“When I’ve painted a woman’s bottom so that I want to touch it, then [the painting] is finished.” Pierre Auguste Renoir (1841–1919).

 

Last October, two-thirds of the way through a desperately messy first-ish draft of Refuge of Doves, I turned to my husband and declared, “I’ll finish this thing because I’ve come this far, but once I get to The End, it’s going into a drawer.” There was little worth salvaging other than a learning experience.

 

But then I joined a writing group, and since I had to share something, I gave them chunks of the novel each time we met. They encouraged me to go on. Then came a few beta readers, whose feedback inspired me further. In the spring, I undertook a major rewrite, changing point-of-view, tone, themes, even the ending.

 

I don’t have any stats, but I reckon most unagented writers do not seek professional editors before submitting their manuscripts to the Slush Piles of Doom (aka: Literary Agent E-mail Inboxes). The usual course is to seek an agent. If the book is picked up, the agent will tear apart your manuscript before she tries to sell it and you to a publisher. And if she succeeds in finding a publisher, your assigned editor will tear apart your book all over again. Why would someone pay cash money for something all sorts of people will do for “free” on your behalf?

 

Because the publishing world is changing and hand-holding agents are becoming a remnant of a sepia-and-whiskey-toned past. Because all the writing groups and beta readers in the world, at least in my writing world where most are aspirants like me, don’t have the skills, time, courage, or interest to tell me what I need to know. Because I’m pretty good with the little voices. Listening to them, that is. And the little voices said, “There’s something here worth believing in. But it’s not ready . . .”

 

Do you know what I thought would happen? I thought my editor would return Refuge of Doves with a heartbreaking assessment of all the many ways my plot fell flat, my characters said ridiculous things, or tripped over themselves in a hurry to get out of my way. Let’s face it, I’d bitten off a big chunk of crazy by mixing historical fiction with contemporary with religious intrigue with romance with supernatural with winemaking. Hang your disbelief at the door, please.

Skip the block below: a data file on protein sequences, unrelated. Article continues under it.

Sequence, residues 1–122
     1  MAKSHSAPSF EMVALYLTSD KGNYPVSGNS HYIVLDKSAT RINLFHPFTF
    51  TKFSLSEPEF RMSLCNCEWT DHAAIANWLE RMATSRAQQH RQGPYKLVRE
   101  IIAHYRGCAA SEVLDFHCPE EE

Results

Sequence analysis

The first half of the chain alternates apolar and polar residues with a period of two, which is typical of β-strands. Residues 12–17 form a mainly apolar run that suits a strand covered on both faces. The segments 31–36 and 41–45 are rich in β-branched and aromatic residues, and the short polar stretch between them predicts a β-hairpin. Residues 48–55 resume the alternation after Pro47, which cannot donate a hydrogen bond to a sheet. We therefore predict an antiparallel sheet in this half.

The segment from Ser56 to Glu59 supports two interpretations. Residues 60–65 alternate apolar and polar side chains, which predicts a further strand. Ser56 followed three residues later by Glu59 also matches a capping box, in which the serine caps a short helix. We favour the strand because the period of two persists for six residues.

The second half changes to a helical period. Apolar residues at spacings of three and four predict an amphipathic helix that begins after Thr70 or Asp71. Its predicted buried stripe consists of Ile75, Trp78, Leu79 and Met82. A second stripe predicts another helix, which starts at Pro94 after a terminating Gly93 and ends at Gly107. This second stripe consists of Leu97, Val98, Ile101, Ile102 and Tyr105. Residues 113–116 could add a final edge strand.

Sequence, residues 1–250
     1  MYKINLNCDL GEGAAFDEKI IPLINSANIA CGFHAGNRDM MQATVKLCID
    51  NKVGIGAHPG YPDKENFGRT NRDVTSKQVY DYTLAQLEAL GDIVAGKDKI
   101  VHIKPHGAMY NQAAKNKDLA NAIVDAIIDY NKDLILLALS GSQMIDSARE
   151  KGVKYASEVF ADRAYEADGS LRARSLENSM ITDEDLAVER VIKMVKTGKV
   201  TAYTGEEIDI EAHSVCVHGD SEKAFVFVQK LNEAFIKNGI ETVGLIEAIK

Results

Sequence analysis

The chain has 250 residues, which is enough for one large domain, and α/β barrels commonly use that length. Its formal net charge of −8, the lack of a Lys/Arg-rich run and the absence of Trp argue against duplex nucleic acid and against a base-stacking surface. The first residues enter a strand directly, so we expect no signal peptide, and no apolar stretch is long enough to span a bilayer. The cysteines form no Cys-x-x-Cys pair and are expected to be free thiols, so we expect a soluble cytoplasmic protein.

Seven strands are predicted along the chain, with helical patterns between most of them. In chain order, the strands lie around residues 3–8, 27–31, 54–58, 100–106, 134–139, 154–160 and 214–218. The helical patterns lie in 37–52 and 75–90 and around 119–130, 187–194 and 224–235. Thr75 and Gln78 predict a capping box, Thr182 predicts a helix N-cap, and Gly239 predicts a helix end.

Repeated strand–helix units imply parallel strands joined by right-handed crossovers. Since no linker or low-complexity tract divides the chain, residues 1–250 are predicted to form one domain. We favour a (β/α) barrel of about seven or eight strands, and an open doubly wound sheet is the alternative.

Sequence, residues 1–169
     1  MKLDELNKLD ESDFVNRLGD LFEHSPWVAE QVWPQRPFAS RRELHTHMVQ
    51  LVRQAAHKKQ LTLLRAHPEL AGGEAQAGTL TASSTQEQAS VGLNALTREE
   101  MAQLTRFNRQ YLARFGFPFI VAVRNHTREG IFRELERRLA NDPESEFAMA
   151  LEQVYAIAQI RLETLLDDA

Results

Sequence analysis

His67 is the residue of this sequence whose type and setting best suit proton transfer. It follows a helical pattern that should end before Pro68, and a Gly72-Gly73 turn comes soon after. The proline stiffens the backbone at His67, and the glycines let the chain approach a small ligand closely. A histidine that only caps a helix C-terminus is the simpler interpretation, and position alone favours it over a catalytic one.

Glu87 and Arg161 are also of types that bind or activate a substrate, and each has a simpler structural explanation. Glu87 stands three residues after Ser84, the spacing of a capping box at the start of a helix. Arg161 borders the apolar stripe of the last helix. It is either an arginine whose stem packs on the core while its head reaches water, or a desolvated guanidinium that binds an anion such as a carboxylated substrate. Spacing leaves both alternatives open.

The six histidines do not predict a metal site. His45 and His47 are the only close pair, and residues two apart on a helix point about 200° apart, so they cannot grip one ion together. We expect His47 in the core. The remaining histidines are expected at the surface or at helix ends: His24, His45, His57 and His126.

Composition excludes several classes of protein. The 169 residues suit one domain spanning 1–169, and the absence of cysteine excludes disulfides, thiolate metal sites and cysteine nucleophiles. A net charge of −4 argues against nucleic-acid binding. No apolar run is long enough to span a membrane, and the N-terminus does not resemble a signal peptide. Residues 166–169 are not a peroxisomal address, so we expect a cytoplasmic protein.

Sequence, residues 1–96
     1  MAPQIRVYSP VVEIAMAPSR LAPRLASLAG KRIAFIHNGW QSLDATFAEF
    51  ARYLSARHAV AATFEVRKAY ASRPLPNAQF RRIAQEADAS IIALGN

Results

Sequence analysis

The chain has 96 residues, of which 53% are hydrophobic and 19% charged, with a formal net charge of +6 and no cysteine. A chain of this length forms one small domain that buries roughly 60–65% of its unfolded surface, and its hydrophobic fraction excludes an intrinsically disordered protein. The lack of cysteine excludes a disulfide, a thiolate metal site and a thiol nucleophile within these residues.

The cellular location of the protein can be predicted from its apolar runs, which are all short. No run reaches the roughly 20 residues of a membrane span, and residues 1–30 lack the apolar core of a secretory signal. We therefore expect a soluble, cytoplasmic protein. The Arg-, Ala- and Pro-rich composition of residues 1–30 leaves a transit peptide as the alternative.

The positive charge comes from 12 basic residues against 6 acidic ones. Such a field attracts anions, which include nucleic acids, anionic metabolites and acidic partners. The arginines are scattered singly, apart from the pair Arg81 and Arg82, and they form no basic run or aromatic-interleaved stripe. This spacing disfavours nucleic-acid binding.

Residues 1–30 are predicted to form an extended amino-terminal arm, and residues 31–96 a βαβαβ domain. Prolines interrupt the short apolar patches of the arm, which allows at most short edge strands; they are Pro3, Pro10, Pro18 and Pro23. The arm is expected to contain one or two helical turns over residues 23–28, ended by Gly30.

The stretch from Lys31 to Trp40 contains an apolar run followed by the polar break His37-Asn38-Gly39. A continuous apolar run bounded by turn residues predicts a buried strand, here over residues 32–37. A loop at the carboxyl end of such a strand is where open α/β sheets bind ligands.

But that’s not what happened. She LIKED it! Hey, Mikey!! Yes, of course, there were wobbly bits and I had to rewrite a scene here and there and rearrange a few others, but at first glance of her edits, I thought, This is going to be easy. 

 

Heh heh heh.

 

What really did happen is hard for even this writer to articulate. In the course of six weeks of rewrites, I changed. My writing changed. Seeing, hearing, feeling my words through someone else’s perspective took me inside my brain and I began to toss things from that cluttered closet. One outstanding beta reader led me inside this mind-closet over the winter, prompting my spring rewrite. But I’d still leaned into that closet door with my hip and shoulder to shove it all the way shut. This time, most everything I threw into the hallway went straight into the rubbish bin.

 

Working with a professional editor was the clean sweep this story, and my writing, needed. She exposed my bad habits, while showing me the tendencies that are a part of my writing and storytelling voice, and how refining, correcting, and tightening my language would strengthen that voice. But, aside from an occasional suggestion, her comments weren’t prescriptive or instructional—they were all show, don’t tell. She gave me the tools I needed to come to an understanding of my writing and make changes on my own.

 

In the first post-edit revision, I waged war on comma splices and clichés and conjunctions. Another read-through and I tore into it again, considering the rhythm of each sentence and how it fit into the melody of the sentences around it. I let go of the need to make certain the reader was thinking, feeling, seeing, hearing what I thought they should and allowed the language to settle into itself, to belong more to the story and the characters than to me.

 

With my heart in my throat, I returned the manuscript to my editor for her second pass edit, expecting to hear a scream that would splinter the Continental Divide. I’d sent back a mess of Track Changes that looked as if a child had splattered fingerpaints over 320 pages of Times New Roman 12-point.

 

That didn’t happen, either. My editor cleaned up my mess, praising me for the work I’d done during those long weeks, my Summer of Revision. And here sits my manuscript, white and full, like one of Renoir’s women. For accessories, she boasts a query letter and a synopsis. She’s ready to be presented to the Literati. 2014-08-31 12.35.59

 

I believe, for better or for worse, that I must present to potential agents and publishers the very best this story can be. And if I choose to shepherd Refuge of Doves along the independent publishing road, I know I’ve considered my readers with that same spirit of respect and hope.

 

Today I begin the second draft of my second novel. Don’t worry. I’ve got this. For a while, anyway.